It all depends on the severity of the injury. In most cases, hip pain from running is not severe, and the pain tends to go away after a few days without seeking medical help.
However, hip flexor injuries may take a longer time ranging from one to 8 weeks depending on a number of factors, including the treatment method used and the severity of the injury.
How do I know I’ve pulled my hip flexor?
Hip flexor strain is a common condition among athletes. It often occurs when the hip flexors are torn, injured or stretched due to trauma, stiff muscles, weak muscles or lack of warming up before training.
Hip flexor strain not only causes pain, but also leads to hip misalignment.
You can know you’ve pulled your hip flexor by watching out for these signs and symptoms:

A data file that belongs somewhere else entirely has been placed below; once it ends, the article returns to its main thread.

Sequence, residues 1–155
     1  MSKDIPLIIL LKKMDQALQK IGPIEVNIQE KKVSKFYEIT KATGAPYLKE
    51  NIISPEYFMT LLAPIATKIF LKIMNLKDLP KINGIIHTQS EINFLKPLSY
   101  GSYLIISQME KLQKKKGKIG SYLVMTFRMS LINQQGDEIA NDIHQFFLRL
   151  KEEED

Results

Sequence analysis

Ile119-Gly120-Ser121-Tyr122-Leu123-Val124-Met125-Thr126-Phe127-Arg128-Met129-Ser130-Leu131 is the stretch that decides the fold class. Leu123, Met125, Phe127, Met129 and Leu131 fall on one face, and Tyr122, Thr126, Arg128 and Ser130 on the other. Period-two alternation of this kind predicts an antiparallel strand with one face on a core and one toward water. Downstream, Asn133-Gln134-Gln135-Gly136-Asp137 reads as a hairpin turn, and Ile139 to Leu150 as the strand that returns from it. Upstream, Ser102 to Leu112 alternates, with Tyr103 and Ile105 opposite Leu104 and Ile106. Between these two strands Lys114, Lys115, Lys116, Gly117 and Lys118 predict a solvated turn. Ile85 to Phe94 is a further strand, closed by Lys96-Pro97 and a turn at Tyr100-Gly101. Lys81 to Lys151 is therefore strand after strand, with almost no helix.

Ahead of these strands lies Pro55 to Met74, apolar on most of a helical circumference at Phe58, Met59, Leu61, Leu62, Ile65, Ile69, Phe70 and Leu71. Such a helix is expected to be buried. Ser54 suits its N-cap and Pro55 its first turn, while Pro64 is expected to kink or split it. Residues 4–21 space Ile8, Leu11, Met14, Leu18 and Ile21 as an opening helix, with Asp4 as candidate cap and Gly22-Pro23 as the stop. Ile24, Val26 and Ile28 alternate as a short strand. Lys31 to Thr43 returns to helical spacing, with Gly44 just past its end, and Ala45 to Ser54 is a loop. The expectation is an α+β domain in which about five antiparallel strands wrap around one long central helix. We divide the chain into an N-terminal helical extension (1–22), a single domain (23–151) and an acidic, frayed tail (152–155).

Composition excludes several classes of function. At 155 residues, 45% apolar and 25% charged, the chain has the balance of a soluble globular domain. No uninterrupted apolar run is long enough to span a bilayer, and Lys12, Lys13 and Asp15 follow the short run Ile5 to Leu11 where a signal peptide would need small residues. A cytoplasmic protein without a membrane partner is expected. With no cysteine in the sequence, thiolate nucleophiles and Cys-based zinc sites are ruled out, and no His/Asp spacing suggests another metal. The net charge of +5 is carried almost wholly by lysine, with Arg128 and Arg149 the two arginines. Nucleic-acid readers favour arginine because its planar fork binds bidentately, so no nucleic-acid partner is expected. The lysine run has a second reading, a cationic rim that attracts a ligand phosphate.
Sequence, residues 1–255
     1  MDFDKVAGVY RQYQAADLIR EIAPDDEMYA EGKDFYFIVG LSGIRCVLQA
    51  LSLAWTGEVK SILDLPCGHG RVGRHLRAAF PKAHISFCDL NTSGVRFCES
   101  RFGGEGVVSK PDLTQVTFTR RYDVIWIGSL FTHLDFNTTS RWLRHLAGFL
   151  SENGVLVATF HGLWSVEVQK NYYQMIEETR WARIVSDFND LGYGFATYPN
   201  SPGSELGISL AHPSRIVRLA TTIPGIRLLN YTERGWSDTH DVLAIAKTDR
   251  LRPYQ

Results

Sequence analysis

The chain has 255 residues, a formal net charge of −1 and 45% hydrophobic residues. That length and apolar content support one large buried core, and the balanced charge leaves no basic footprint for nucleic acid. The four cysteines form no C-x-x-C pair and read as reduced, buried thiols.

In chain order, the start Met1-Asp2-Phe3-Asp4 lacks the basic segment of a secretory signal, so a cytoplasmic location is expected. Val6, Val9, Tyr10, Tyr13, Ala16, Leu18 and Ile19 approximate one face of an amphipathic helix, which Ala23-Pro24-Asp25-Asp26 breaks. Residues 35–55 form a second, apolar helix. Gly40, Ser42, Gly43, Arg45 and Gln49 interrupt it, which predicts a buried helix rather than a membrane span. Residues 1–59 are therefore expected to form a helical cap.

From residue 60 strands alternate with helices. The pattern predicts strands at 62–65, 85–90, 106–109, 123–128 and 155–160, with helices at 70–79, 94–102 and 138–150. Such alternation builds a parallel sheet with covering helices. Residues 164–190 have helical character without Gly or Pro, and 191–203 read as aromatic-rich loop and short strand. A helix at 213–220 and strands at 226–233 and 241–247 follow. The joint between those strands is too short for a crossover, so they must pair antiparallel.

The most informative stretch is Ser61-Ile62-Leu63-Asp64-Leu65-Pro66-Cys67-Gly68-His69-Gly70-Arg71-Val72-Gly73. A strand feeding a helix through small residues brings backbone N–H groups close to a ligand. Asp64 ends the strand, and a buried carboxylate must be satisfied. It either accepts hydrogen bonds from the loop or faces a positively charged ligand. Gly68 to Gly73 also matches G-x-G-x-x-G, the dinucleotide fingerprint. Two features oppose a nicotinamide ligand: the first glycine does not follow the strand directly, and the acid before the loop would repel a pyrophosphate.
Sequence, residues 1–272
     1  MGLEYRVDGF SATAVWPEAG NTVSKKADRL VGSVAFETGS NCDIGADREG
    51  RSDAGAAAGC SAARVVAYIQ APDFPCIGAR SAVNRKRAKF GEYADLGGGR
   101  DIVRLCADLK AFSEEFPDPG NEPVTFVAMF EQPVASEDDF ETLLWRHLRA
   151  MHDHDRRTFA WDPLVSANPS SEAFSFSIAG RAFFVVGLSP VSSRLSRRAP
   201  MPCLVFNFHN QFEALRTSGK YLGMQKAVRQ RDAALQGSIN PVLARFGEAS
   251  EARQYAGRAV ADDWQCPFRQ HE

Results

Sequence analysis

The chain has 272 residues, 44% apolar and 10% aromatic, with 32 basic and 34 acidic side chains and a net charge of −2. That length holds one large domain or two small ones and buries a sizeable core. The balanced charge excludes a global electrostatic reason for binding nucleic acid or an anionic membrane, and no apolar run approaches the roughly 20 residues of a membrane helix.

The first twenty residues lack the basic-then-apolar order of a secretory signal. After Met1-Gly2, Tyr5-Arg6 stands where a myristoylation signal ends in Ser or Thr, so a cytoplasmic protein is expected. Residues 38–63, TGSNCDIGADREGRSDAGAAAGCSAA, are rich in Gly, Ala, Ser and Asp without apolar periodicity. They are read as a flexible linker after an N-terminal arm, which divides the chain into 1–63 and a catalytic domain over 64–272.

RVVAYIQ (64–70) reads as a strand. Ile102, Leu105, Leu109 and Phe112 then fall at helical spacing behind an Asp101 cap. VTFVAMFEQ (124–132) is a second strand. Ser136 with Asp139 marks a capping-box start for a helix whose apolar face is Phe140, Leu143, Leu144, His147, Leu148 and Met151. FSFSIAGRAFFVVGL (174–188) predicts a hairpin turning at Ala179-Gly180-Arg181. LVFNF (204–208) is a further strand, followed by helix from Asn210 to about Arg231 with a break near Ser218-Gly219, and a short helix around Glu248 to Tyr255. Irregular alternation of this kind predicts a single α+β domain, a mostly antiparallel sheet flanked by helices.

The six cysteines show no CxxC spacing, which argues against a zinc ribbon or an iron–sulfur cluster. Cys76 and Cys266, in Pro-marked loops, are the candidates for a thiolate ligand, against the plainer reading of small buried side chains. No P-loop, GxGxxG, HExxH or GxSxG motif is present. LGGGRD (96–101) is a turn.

• Sharp pain in the hips
• Muscle spasms in the thighs or hips
• Loss of strength near the groin area
• Tugging sensation in the front of the groin
• Soreness in the upper leg
Prevention of hip pain for runners
Prevention is always better than cure, so they say. Taking preventive precautions will not only protect you from injury, but also ensure that you enjoy your favorite sport without having to contend with unexpected pain in your hips or legs.
Here are a few preventive measures you should consider to avoid hip pain from running
• Perform strengthening and stretching exercises to build up your hip muscles
• Always warm up before and after training
• Massage your hips and legs regularly after running
• Wear the right footwear and clothing for running
• Sit, stand, walk and run in the right posture
• Seek medical help in case of any hip injuries or fractures
Hopefully this information will help you in your quest to run better for life and health. If pain persists in any area of your body or hips specifically, please consult your health professional.